'Still Lolo': How I Learned To Appreciate True Beauty

"I hated the mirror and avoided it as much as I could."
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Knowing true beauty is a deep struggle our society faces everyday. It's something I've dealt with all my life -- and even more so after the propeller accident last year.

On Dec. 3, 2011, a 16th of an inch of steel changed my life forever.

A fractured skull and collarbone, a scar down my face, cracked teeth and a missing eye and hand. These were details I couldn't keep ignoring.

Almost every woman in her early 20s has aspirations and dreams of the future. At that point, I had a jumpstart to my career -- two incredible New York internships under my belt and a promising beginning as a fashion journalist, being the founder and editor of LOLO magazine.

Like any woman would in my situation, I worried about my career. I worried that no guy would find me attractive again. I worried I would never have the guts to walk out in a tank top with my new prosthetic hand and eye. How would I ever go rock climbing again? Or water-ski? How in the world would I drive with one eye and hand?

Unlike how the media labeled me, I was not a model, and I didn't perceive myself as one either. I was a fashion journalist.

My world was filled with art, and I was still on a journey of finding the true meaning of beauty. I was someone who loved to balance the outer exterior of personality with the inner. But at the same time, just like the rest of the world, I fought with the habit of judging by exterior qualities. This was no exception to how I viewed myself many times.

During my hospitalization and my recovery, I now know much of the media has dehumanized what me, my family and friends went through and were still going through. My new book, "Still Lolo," gives us a voice and offers a raw, truthful encounter that will offer life lessons for almost anyone.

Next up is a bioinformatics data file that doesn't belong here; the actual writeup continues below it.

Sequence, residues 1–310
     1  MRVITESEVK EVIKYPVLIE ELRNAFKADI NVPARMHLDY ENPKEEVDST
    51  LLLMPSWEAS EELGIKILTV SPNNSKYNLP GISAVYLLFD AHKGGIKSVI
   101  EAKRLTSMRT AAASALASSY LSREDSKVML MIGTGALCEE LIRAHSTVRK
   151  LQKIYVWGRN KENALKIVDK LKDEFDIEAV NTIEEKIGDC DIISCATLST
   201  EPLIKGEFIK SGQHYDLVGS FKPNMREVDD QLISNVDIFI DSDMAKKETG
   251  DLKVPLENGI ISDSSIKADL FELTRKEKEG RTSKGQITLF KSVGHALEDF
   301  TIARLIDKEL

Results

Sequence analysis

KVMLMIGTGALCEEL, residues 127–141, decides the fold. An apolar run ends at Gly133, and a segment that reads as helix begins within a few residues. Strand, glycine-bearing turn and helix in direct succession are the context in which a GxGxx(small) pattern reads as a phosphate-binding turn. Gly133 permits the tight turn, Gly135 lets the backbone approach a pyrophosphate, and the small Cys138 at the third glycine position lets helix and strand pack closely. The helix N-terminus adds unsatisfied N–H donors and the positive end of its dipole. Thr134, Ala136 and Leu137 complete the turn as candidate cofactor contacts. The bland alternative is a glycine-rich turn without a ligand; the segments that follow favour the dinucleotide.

Waves of shock had spread when news hit each family member and friend: I was struck by a propeller and was in critical condition.

By Jan. 17, I had been weaned off all my pain medication, and I was no longer the upbeat girl my family and friends had seen at the hospital. Depression hit me hard.

The gravity of the situation slowly began to sink in. As much as I'd like to say that I overcame everything smoothly and always saw the bright side of things, I can't. Even with my strong foundation of faith, many times I couldn't see through the dark days; some days I didn't even try.

I hated the mirror and avoided it as much as I could. A glimpse would only remind me: I'll never be normal again.

Life may be about the big picture, but it's also made up of the little things. With so many little aspects of my life impacted, it was tough placing things in perspective.

Now, looking back, and even to this day, the only way I've survived emotionally and spiritually is by the people surrounding me. Even the very night of the accident, so many friends and family members showed up at the hospital that they needed to be provided a separate room. Every person that came for me prayed earnestly to God for my survival, despite the odds of my condition.

Yes, time brings healing, but the right people can too. They reminded me of my faith and destiny. I believe in the power of prayer. Many times, I may not have felt it, but it was a strong current in my life that pushed me forward.

I was still alive; I could still think and talk. I could have been brain-dead but wasn't. I can relearn how to do many activities I'd always enjoyed. I could still be a fashion journalist. Most of all, I have people who love me dearly.

Constantly, I'm humbled to read and hear people's caring comments and words of encouragement. Though it wasn't through an ideal way, I now know that "being recognized" is a trait that can be used to serve God in new ways and be a testament of true beauty.

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